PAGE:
The favorite topic of many a wag in the Valley, the Google IPO has once again been revived, this time by Barrons, and Eric Savitz, no less, The Standard’s old EE. Eric is conservative in his reporting of the numbers (I’ve heard estimates of a hell of a lot more profit than $100 million this year, and more revenues than $700 million), but in any case it’s a lot. Speculation about the triggering of section 12(g) of the 1934 SEC Act (more than 500 shareholders = public filing requirements similar to an IPO) has been rife for nearly a year, given the number of Google employees – I recall the same issues being raised at Wired and The Standard (not that we had to worry in the end!). So, as Eric concludes, we finally have a time horizon for The IPO That Will Cure Cancer, Save The World, and Tie Your Shoes For You, Spring 2004.

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Google Use Tips

Speaking of Tara, here's a good summary of the best tips in her book Google Hacks. Worth anyone reading who uses Google quite a bit. 20 Great Google Secrets….

Speaking of Tara, here’s a good summary of the best tips in her book Google Hacks. Worth anyone reading who uses Google quite a bit. 20 Great Google Secrets.

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Deep (Invisible) Web Resources

Saw this thanks to a recent Research Buzz (Thanks Tara)…this is one man's obsession – the Rest of the Web, that huge resource of information that is not digital or not formatted to be crawled….it's called the Deep Web Research Subject Tracer

Saw this thanks to a recent Research Buzz (Thanks Tara)…this is one man’s obsession – the Rest of the Web, that huge resource of information that is not digital or not formatted to be crawled….it’s called the <a title="Deep Web Research Subject Tracer

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Microsoft and Overture (Yahoo): Wed till 05

Many thought (including me) that MSFT would boot Overture as soon as they could once Yahoo bought the company, but not many thought it would take another two years to happen. This is clearly a marriage of convenience, but it points to two realities: one, it creates a timeline: Microsoft…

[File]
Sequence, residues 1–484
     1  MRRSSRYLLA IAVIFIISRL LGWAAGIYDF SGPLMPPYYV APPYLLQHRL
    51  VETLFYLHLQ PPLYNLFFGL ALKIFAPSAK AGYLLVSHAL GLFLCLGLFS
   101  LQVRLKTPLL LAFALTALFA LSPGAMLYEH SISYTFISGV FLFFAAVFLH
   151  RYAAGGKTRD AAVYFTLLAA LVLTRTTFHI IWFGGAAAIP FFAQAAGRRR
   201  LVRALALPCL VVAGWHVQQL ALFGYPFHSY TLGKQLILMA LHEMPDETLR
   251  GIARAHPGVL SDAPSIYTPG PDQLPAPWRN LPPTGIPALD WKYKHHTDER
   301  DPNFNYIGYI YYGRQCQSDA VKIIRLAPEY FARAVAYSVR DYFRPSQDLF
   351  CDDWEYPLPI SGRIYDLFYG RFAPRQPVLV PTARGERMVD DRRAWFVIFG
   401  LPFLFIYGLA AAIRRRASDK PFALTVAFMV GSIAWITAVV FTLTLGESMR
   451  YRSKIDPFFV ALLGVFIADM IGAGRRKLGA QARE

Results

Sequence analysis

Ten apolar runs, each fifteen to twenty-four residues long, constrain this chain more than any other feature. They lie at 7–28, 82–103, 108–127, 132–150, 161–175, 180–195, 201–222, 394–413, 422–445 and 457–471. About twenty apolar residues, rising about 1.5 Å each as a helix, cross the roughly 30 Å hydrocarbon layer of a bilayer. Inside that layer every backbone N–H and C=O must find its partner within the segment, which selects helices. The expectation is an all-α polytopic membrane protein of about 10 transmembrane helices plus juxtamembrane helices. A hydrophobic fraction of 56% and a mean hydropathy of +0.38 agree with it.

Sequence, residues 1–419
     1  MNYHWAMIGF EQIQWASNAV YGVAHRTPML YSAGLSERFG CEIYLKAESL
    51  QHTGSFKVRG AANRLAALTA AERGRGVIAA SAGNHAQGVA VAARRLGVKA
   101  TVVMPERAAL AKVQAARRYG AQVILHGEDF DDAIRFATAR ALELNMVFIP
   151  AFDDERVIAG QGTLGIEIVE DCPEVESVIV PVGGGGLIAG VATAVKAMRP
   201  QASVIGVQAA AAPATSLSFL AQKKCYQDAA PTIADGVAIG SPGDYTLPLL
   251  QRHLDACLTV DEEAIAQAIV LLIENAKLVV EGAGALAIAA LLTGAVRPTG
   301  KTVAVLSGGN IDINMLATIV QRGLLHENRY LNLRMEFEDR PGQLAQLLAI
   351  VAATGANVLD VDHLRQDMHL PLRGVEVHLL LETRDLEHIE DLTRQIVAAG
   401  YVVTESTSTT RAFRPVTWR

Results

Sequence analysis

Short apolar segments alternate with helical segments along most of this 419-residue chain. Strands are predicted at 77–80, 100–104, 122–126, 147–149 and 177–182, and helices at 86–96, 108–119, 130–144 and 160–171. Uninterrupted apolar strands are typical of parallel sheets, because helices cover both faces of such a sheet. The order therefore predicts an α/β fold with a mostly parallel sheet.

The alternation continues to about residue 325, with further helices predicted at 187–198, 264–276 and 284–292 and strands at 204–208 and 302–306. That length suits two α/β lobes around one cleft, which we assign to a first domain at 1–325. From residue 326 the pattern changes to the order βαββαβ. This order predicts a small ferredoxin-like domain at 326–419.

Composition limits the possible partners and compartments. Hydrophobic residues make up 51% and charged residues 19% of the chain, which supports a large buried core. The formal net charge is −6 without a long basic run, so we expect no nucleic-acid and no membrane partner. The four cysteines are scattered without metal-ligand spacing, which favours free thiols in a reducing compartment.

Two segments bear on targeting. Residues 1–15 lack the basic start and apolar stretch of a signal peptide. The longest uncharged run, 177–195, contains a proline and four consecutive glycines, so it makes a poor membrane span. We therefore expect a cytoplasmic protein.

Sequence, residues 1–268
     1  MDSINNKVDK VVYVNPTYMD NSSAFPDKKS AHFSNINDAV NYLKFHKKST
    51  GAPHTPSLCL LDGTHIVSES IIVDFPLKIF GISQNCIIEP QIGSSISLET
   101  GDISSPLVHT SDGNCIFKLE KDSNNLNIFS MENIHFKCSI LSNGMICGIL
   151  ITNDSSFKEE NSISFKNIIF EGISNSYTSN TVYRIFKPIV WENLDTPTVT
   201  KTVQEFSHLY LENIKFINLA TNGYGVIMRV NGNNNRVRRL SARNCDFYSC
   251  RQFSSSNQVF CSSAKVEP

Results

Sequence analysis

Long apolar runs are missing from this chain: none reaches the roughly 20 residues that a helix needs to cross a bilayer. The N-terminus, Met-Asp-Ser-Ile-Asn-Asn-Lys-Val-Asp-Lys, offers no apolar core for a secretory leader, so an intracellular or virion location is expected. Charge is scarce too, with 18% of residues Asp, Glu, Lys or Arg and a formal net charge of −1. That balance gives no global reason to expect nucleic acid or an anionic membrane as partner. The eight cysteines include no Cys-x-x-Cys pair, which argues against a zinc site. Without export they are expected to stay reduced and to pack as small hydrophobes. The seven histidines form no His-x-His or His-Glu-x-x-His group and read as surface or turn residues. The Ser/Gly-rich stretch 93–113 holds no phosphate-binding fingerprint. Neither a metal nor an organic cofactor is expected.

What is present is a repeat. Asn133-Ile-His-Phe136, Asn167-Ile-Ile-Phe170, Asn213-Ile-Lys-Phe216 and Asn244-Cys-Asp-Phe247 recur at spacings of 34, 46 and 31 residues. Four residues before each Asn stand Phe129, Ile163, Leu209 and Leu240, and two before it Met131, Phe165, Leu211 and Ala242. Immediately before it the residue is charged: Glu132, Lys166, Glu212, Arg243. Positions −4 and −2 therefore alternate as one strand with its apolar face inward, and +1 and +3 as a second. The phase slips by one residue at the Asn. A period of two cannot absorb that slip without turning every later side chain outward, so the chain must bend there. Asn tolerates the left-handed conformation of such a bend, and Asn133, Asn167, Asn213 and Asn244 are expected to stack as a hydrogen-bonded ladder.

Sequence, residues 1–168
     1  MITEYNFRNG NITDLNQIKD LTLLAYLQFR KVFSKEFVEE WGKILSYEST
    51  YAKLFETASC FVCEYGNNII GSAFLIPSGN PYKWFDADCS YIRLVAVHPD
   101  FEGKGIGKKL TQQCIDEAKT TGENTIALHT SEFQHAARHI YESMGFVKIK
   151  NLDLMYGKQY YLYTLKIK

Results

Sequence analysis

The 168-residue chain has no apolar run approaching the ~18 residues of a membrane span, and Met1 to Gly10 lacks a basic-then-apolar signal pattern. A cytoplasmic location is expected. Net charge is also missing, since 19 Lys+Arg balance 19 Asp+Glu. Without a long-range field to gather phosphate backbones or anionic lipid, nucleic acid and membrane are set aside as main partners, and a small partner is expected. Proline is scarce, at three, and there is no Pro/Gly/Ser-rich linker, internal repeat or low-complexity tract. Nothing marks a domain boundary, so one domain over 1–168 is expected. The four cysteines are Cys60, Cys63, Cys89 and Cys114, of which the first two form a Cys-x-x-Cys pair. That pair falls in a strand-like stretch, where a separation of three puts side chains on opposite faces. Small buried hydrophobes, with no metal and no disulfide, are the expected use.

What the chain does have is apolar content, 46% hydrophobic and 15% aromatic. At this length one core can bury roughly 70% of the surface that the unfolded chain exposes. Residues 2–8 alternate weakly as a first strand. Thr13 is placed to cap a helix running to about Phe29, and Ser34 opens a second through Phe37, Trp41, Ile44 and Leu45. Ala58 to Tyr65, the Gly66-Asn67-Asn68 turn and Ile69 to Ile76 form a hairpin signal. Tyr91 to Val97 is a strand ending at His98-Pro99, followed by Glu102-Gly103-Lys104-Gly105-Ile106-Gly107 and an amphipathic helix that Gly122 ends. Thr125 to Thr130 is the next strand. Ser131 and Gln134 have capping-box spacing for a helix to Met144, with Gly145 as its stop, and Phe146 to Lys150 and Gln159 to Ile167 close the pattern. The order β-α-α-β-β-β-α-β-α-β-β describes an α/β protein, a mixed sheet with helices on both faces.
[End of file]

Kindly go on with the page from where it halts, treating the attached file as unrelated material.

Many thought (including me) that MSFT would boot Overture as soon as they could once Yahoo bought the company, but not many thought it would take another two years to happen.
This is clearly a marriage of convenience, but it points to two realities: one, it creates a timeline: Microsoft now has two years to get its own Adwords/Overture type product ready for market (probably to coincide with the introduction of their algorithmic search ), and two, any predictions that Microsoft might buy Google are now looking increasingly unrealistic.

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Again, The Death of Tivo

The NYT's piece today on TiVo once again questions the company's prospects, and lays the blame for its possible demise on cable obivating the company's hardware business by incorporating TiVo-like features into set top boxes. But as usual the piece ignores the implications of what happens to consumer choice and…

The NYT’s piece today on TiVo once again questions the company’s prospects, and lays the blame for its possible demise on cable obivating the company’s hardware business by incorporating TiVo-like features into set top boxes. But as usual the piece ignores the implications of what happens to consumer choice and the future of ideas (in the Lessig sense) if we allow cable companies to control what features are available on PVRs. Not only do we lose the freedom to tinker, we also push intelligence, such that it is, into the cable companies’ systems, and away from the edges. Sigh. Time for Apple to step in?

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Transparency v. Trust

While on the plane, I finished reading an as yet published story by Cory Doctorow, who was kind enough to send it my way. Cory is one of the great projectors/predictors of tech/culture collision, and in this tale, titled "Human Readable," Cory use the inherent clash between engineers – who…

While on the plane, I finished reading an as yet published story by Cory Doctorow, who was kind enough to send it my way. Cory is one of the great projectors/predictors of tech/culture collision, and in this tale, titled “Human Readable,” Cory use the inherent clash between engineers – who implicitly trust that all human problems can be solved by elegant code – and humanists – who believe that trusting in code alone is a recipe for abuse, and possibly worse. This tension is certainly playing out in the world of search – with most of the paranoia around Google and other search engines driven – in essence – by seemingly cold, soulless and maddeningly opaque code. Worthy of note: Cory’s first novel, Down and Out in the Magic Kingdom, takes Page Rank to the next level and beyond. A great read.